This website uses cookies primarily for visitor analytics. Certain pages will ask you to fill in contact details to receive additional information. On these pages you have the option of having the site log your details for future visits. Indicating you want the site to remember your details will place a cookie on your device. To view our full cookie policy, please click here. You can also view it at any time by going to our Contact Us page.

Rolls-Royce wants to build the world’s fastest all-electric aircraft

08 January 2019

The zero-emissions plane is expected to make a run for the record books in 2020 with a target speed of 300 mph and quite likely more!

Rolls-Royce wants to build the world’s fastest all-electric aircraft (Credit: Rolls Royce)

Rolls-Royce is leading a research project known as Accelerating the Electrification of Flight (ACCEL) to explore the use of a high power electrical system in a demonstrator aircraft. Partly funded by the Government, Rolls Royce is working with YASA (UK), a manufacturer of high-power, light weight electric motors and controllers used in automotive, aerospace and industrial applications. Drawing on Rolls-Royce’s expertise in aviation design and safety, the project aims to flight test the system to gain a detailed understanding of the potential for electric flight. Rolls-Royce will be supported by Electroflight Ltd (UK), specialists in high performance electric powertrains including energy storage systems.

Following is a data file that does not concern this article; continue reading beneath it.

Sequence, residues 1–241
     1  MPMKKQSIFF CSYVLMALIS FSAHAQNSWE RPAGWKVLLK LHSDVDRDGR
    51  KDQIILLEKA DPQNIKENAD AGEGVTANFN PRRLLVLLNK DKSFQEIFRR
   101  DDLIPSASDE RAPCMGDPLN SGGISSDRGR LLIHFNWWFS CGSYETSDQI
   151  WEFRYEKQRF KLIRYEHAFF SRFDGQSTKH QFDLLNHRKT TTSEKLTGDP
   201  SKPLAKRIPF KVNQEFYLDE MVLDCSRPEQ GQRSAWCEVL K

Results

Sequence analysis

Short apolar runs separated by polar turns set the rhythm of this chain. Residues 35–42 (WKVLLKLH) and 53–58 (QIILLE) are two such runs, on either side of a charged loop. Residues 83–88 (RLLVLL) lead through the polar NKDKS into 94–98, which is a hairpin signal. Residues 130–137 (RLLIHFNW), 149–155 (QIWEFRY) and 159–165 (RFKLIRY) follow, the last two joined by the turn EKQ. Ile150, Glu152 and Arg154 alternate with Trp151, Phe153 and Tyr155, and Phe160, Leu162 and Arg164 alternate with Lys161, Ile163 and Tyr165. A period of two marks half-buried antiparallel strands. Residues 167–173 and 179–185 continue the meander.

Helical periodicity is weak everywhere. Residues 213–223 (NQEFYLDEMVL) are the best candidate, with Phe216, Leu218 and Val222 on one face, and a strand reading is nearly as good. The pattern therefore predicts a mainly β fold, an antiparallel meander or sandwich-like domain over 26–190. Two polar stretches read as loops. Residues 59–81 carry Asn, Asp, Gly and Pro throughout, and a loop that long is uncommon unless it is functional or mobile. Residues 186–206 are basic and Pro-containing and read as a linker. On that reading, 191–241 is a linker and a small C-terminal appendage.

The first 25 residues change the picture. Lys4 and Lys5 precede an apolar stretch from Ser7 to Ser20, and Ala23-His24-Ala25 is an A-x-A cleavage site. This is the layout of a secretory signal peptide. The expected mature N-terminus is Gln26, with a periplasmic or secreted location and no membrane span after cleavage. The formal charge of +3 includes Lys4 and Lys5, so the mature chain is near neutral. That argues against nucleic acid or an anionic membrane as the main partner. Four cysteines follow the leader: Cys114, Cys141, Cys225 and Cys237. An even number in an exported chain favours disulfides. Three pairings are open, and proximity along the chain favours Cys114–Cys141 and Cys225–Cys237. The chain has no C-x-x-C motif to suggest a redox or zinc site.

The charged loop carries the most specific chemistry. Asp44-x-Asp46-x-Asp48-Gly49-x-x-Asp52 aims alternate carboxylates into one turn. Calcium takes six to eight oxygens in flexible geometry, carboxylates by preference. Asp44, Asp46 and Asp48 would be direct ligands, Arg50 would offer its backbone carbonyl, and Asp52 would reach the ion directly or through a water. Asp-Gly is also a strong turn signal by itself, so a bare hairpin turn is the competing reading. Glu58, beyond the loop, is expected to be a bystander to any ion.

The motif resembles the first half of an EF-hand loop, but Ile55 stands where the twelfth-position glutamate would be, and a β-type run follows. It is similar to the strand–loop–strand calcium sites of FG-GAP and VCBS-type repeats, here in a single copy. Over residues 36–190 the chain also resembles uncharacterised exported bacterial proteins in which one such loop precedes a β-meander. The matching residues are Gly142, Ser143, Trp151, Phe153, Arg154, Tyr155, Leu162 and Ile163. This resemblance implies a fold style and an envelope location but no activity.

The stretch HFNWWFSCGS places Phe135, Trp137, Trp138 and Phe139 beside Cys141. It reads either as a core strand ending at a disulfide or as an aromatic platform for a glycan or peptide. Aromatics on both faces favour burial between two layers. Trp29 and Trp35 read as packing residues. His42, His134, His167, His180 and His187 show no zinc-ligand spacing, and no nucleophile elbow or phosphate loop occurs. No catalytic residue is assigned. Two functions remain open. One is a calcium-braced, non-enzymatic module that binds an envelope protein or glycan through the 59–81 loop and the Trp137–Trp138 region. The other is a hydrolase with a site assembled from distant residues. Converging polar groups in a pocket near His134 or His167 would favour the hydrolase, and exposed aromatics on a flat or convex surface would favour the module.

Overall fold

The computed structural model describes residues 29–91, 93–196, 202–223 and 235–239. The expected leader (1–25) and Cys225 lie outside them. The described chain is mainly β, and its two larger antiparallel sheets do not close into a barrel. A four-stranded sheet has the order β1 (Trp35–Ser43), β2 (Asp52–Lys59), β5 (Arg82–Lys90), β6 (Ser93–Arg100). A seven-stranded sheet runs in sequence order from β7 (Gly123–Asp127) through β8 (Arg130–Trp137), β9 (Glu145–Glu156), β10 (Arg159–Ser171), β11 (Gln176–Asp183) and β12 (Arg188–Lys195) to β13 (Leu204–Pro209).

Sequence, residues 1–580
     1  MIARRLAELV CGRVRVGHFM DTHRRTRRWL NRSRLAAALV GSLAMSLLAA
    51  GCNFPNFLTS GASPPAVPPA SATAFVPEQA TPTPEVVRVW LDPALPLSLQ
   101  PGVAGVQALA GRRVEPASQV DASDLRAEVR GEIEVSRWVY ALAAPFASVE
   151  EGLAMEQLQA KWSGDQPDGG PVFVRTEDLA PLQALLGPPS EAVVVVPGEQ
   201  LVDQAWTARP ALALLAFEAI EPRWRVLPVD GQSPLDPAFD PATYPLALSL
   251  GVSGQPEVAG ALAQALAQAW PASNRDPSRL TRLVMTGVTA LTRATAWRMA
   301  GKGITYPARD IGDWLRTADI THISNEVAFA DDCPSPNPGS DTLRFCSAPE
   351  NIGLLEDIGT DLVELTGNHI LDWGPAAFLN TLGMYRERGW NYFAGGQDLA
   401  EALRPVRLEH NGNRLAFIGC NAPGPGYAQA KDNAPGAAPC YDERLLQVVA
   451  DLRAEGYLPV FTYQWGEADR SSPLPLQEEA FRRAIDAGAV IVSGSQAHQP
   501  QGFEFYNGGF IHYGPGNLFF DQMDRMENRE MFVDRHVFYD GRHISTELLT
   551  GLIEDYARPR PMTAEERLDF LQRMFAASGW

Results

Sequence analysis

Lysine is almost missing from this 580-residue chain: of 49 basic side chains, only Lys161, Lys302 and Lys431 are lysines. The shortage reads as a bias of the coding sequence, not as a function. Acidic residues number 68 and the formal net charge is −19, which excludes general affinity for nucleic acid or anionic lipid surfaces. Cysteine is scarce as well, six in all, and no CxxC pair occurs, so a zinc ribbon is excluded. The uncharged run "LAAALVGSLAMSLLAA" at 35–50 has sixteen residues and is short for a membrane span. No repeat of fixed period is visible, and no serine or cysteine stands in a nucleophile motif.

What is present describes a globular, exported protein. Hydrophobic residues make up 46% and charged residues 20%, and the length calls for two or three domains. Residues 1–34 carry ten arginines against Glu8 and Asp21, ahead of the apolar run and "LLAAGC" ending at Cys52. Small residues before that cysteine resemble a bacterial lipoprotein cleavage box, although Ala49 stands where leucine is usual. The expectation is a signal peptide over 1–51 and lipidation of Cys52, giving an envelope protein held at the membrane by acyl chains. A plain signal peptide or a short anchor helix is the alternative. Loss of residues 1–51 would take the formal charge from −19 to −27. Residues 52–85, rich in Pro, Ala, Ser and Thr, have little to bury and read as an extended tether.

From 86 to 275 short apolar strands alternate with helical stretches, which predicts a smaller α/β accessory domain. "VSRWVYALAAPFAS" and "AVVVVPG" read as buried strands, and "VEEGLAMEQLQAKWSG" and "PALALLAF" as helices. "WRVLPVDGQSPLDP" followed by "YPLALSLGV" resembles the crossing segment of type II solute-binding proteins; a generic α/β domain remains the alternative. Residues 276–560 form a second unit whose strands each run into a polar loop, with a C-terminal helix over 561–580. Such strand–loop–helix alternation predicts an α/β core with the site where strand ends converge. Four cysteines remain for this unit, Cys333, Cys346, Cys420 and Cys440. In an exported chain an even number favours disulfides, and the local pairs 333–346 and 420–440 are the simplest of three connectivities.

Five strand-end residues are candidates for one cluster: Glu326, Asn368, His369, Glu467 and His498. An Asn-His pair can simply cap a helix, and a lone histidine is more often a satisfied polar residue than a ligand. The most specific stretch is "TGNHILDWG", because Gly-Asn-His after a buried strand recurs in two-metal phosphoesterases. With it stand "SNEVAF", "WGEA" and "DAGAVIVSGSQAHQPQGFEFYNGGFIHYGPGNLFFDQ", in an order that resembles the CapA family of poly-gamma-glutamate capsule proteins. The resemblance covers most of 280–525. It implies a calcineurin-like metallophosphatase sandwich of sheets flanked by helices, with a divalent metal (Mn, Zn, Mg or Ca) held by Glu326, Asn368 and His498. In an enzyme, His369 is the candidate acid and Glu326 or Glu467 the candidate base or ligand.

As part of this initiative, Rolls Royce is building a high-performance electric aeroplane unlike anything the world has ever seen. It’s scheduled to take to the skies over Great Britain in 2020, the aircraft will reach a speed of 300mph – and quite likely more – making it the fastest all-electric plane in history.

A detailed view of the ACCEL plane (Credit: Rolls Royce)

“This plane will be powered by a state-of-the-art electrical system and the most powerful battery ever built for flight. In the year ahead, we’re going to demonstrate its abilities in demanding test environments before going for gold in 2020 from a landing strip on the Welsh coastline,” says Matheu Parr, ACCEL Project Manager for Rolls-Royce.


Print this page | E-mail this page